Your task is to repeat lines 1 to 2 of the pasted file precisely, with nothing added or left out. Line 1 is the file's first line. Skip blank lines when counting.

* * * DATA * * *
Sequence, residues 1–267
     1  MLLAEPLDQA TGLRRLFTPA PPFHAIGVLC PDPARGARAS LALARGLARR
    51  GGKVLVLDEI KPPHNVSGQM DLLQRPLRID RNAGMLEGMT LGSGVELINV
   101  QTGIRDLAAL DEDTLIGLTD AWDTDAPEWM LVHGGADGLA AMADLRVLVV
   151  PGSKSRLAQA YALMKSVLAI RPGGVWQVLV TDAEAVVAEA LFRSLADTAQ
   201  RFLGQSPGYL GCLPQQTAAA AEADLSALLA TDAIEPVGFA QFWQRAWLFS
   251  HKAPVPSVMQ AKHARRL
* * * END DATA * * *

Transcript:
Sequence, residues 1–267
     1  MLLAEPLDQA TGLRRLFTPA PPFHAIGVLC PDPARGARAS LALARGLARR